The Rising Popularity of Canned Wine
By: Rudy Sanchez
Wine is wine.
There’s an expectation that it’s made from grapes, comes in a 750mL glass bottle, and topped with a cork. Anything that deviates from that formula is usually perceived as cheap or just plain, bad wine. More so than perhaps any other alcoholic beverage category, wine is the least likely to change or experiment in any way. This sameness and staid approach makes it difficult for the casual wine drinker to make a choice when they’re perusing the wine aisle.
The 750mL corked glass bottle also presents other issues. For starters, you might not want to down a bottle by your lonesome, and you just want one or two glasses. Some places you’d want to bring wine with you don’t allow glass containers, and corked wine requires you have a corkscrew at the ready.
There has been, of course, boxed wine, which comes in a resealable bag surround by a cardboard box. That solves some of the issues of a traditional wine bottle, but the quality is usually lacking, and these boxes are bulkier than a 750mL bottle. For bars and other venues, wine bottles pose stocking and storage problems as well, whereas beer, for example, can be found in standardized can sizes and shapes.
However, in recent years, more and more wineries and vintners are packaging their wine in cans. It’s a trend gaining popularity in the industry as aluminum is a more sustainable packaging material than glass and is easier to recycle. Plus, wine in cans (and in kegs) are completely sealed away from the outside world: no air can enter, no secondary aromas, and no light. The wine within stays fresher longer and the ideal taste is preserved.
Wine consumption is currently on a multi-year rise, and while Generation X is spending more on wine and is likelier to buy more expensive wine, millennials are drinking them under the table, buying nearly half of the wine purchased in the US.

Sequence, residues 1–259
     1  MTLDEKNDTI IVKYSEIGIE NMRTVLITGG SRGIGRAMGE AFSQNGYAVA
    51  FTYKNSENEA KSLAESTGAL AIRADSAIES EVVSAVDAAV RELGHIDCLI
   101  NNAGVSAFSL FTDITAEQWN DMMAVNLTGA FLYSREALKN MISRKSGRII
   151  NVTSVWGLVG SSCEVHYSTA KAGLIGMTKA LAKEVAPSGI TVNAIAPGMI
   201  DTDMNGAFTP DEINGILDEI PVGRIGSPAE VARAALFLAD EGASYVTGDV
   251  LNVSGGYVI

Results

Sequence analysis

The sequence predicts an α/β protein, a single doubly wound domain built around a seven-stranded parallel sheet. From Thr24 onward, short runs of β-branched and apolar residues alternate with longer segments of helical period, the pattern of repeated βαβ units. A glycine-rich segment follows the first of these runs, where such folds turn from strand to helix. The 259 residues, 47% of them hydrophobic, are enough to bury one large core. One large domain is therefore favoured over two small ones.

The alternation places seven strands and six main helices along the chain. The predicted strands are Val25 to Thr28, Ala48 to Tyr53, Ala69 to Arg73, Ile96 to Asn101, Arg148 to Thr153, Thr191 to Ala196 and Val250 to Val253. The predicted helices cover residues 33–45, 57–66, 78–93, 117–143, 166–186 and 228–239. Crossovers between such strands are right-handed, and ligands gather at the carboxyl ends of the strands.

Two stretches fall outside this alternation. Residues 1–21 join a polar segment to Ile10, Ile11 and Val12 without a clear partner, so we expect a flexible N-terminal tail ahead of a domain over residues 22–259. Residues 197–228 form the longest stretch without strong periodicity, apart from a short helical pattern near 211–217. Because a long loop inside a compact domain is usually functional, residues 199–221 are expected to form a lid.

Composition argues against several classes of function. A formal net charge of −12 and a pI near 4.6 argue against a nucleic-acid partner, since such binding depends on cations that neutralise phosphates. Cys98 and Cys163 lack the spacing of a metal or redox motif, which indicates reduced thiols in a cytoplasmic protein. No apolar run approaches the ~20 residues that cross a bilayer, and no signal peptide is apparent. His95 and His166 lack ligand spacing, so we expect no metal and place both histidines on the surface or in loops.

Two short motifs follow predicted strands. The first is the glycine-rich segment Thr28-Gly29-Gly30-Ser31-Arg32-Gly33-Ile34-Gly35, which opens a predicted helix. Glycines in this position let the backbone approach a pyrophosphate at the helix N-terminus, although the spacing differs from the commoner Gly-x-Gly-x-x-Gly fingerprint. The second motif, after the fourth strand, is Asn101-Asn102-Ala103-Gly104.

While the 750mL corked bottle is unlikely to be replaced as the dominant form of packaging, inventive wineries are bucking tradition and forging new paths with canned wines, using the format to stand out and capture a piece of this growing niche market.
Underwood, made by Union Wine, is one of the earliest players in canned wine. They use a simple label featuring their name in a bold, sans-serif font, using a simple 2-color combination. The sparkling wine offerings are distinctive from the rest of the line with a shimmering finish that calls to the effervescent elixir within. Their marketing campaign includes the slogan “pinkies down,” and this Oregonian vintner is doing away with the notion that wine is snobby and pretentious, something that doesn't have to be fussy or expensive while maintaining its high quality. These cans don’t look out of place next to craft beers, and the no-frills philosophy not only shines through the packaging but resonates with many wine shoppers.
Another wine that takes a different approach is Infinite Monkey Theorem (IMT), who bill themselves as an “urban winery” out of Austin and Denver. Similar to Underwood, IMT is eschewing the traditional approach to wine marketing and presentation, and taking cues from the craft beer scene. The cans feature their logo, a chimpanzee with Penrose triangles in place of eyes, and instead of a contrived tale about how their grapes are grown and a picture sweeping hills along a coastline, they use bold, blocky letters that tell you what kind of wine it is, that it’s good, and it’s portable. The cans are simple 2-toned affairs, with geometric patterns being the only real embellishment.
Francis Ford Coppola, a more traditional winery, was one of the first winemakers to adopt canning, and in 2004, they introduced their immensely popular Sofia. Named for the iconic director's equally prolific daughter, Sofia is a sparkling blend that comes in a playful, pink can. Each can even comes with a straw, a unique feature that speaks to the portability of this canned wine. In recent years, they’ve further expanded their canned offerings by introducing the Diamond Collection, three premium white wines - Chardonnay, Pinot Grigio, and Sauvignon Blanc - that will fit perfectly in your picnic basket or cooler.
Canned wine is still a niche segment of the wine market, but it’s one seeing tremendous growth, and some wineries like Union Wine are betting big on the trend. Even Trader Joe’s has gotten in on the action. While there’s no shortage of traditionalists in the wine world, the number of rebels willing to experiment and think outside the glass bottle certainly seems to be growing.